Millions of pounds of taxpayers' money have been spent rebuilding one of the most expensive private schools in Scotland to make way for a road which may never be built.
The International School of Aberdeen, a day school which caters mainly for the children of oil and gas executives, moved to its new state-of-the-art home in Cults, on the outskirts of Aberdeen, in August.
The 350-pupil school boasts a climbing wall, 25-metre indoor swimming pool, fitness suite and 350-seat theatre, and charges secondary pupils #163;16,000 a year.
It cost #163;51 million to build and was paid for by the Scottish Government, Aberdeenshire Council and Aberdeen City Council, one of Scotland's most cash-strapped local authorities, so that the Aberdeen Western Peripheral Route (AWPR) could go ahead.
The school's previous building, a few miles away in Milltimber, was earmarked in 2006 for demolition to allow construction of the 28-mile route.
But the old school is still standing and the road's future now hangs in the balance.
Road Sense, the community campaign against the bypass, last year failed to persuade a public local inquiry that the route should be abandoned. But, while finance for the road was spared the axe in Finance Secretary John Swinney's budget statement last week, the project remains on hold while campaigners challenge the decision in court.
Now, Aberdeen City councillors are poised to vote next month on whether to delay, renegotiate or even stop the route, when they consider a budget report identifying #163;127m worth of savings.
Other options include closing five primaries and two secondaries; starting nursery at the age of four or stopping pre-school education altogether; withdrawing half or all pupil support assistants; and replacing much face-to-face teaching with online secondary education.
Grant Bruce, Educational Institute of Scotland local secretary for Aberdeen, said: "If these proposals go through, education in Aberdeen is going to be unrecognisable in two or three years' time.
"It's a disgrace that amount has been spent on a school, perhaps unnecessarily, when they are looking at wiping out the music service in the city or making music instructors redundant to save amounts that are small in the context of #163;51m."
The bypass is expected to cost #163;295-395m, with the Scottish Government covering 81 per cent and Aberdeen City and Aberdeenshire councils each footing the bill for 9.5 per cent.
The director of the International School of Aberdeen, Daniel Hovde, conceded that its old 1980s building had now been replaced with a purpose-built facility, virtually free of charge. But pupils and teachers had not wanted to move, he insisted. A major project to create a new games hall and theatre at their former Milltimber site had just started when they received the news they would have to leave.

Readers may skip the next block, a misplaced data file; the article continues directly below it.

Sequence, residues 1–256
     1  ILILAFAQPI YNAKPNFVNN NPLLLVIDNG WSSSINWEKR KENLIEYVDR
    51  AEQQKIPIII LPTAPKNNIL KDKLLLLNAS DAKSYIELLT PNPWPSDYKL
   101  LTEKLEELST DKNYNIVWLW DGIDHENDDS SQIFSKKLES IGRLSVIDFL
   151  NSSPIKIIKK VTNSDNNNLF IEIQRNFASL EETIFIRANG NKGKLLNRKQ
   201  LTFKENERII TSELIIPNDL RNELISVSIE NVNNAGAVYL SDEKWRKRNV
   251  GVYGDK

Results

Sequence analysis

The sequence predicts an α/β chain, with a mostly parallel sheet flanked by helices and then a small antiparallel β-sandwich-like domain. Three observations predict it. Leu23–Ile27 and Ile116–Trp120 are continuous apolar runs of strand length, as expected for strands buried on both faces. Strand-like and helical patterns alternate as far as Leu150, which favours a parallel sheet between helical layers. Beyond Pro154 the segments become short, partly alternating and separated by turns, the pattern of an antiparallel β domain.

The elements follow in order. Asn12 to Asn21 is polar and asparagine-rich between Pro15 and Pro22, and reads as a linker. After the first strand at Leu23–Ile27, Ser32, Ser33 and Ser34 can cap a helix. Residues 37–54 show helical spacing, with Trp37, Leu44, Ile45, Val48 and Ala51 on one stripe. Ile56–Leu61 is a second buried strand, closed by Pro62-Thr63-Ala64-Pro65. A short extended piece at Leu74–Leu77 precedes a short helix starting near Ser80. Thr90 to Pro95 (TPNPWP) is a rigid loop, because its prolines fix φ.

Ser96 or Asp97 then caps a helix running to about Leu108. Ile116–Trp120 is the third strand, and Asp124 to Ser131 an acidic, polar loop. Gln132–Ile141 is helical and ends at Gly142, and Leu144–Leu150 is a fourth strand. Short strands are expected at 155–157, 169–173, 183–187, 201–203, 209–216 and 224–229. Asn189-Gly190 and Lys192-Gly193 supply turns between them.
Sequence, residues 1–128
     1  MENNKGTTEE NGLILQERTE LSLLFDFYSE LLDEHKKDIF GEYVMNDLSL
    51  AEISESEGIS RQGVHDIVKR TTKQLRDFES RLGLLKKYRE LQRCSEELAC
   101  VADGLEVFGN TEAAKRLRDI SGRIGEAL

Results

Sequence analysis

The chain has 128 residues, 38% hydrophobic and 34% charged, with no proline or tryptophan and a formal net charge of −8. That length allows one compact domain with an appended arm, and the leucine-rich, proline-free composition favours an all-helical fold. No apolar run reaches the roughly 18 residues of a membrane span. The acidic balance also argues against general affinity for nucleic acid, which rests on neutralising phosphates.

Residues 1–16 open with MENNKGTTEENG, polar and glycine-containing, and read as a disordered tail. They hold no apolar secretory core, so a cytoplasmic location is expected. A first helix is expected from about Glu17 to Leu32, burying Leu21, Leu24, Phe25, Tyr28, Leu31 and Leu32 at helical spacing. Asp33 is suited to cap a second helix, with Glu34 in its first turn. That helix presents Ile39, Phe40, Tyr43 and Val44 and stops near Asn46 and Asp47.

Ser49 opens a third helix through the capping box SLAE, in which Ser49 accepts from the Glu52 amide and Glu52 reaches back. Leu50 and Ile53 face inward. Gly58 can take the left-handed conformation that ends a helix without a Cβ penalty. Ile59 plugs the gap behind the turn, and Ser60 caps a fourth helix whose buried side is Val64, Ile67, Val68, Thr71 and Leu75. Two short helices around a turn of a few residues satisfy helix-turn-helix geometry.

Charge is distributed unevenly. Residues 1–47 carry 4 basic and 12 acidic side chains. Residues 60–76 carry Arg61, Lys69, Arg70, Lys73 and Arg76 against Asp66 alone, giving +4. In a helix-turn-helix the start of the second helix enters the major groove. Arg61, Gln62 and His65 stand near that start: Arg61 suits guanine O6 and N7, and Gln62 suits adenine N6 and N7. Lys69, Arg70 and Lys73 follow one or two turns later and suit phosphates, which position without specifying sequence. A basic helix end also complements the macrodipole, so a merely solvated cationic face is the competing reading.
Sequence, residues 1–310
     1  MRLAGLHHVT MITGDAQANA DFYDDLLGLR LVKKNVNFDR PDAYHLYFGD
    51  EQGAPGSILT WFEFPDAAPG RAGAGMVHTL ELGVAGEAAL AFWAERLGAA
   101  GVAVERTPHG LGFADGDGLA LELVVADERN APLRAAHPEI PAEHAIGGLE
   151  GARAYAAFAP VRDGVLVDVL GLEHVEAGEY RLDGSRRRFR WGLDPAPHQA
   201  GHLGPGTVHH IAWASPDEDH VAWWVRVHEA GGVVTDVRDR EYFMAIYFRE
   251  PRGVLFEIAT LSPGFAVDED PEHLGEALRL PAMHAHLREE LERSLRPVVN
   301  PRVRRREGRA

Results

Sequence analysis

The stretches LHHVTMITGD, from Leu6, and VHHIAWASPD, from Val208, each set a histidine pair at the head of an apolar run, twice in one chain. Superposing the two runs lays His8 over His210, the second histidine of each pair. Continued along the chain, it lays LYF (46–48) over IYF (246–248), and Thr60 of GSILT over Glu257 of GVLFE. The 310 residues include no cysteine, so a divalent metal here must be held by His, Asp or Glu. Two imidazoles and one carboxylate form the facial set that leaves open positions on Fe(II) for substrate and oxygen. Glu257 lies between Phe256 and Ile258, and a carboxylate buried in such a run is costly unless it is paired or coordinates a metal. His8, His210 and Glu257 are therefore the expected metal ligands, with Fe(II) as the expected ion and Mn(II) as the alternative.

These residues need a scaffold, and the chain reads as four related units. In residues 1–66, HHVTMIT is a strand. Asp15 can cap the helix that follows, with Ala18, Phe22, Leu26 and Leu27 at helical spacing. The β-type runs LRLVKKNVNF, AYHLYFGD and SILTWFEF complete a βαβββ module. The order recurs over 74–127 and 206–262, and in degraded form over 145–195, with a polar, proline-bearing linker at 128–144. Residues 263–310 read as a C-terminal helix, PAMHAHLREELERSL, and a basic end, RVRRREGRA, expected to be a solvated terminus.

"When it was announced the road would come through Milltimber on December 1 2005, we were in shock," said Dr Hovde. "In May 2006 the route was chosen that would actually come right through the school. We loved our school and had a great facility. It took a long time to get our heads round the fact we had to move and to get excited about the new building."
In a like-for-like build you did not get to replace tin with gold, Dr Hovde explained. However, the ISA had a high standard of finish and that had to be replicated.
A Transport Scotland spokeswoman said Scottish Government ministers were committed to delivering the bypass as soon as possible, and Aberdeenshire Council said it was vital to the economic success of the area.
But there were mixed messages from Aberdeen City. A council spokesman told The TESS that the reference in the budget report to stopping the peripheral route was a "printing error", while the vice-convener of the finance and resources committee, Ian Yuill (Liberal Democrat), insisted its inclusion as an option was not a mistake and that staff had been asked to think the unthinkable.
"That's what they did," he said. "Now councillors have to make a judgment about what options to pursue."
He predicted the bypass would not be abandoned.
STORY OF A SCHOOL
The International School of Aberdeen began life as the American School in Aberdeen, built to serve the children of US oil employees, Scottish and other foreign children. It downsized and became the international school in 1996, after American families began to leave the area.
Today 28 per cent of pupils are American. The next largest pupil population is from the UK; they make up 16 per cent of the roll. Director Daniel Hovde estimates that just 35 Scots attend the 350-pupil school. The Aberdeen Western Peripheral Route will link the A90 Aberdeen-Dundee road at Stonehaven, Charleston with Blackdog.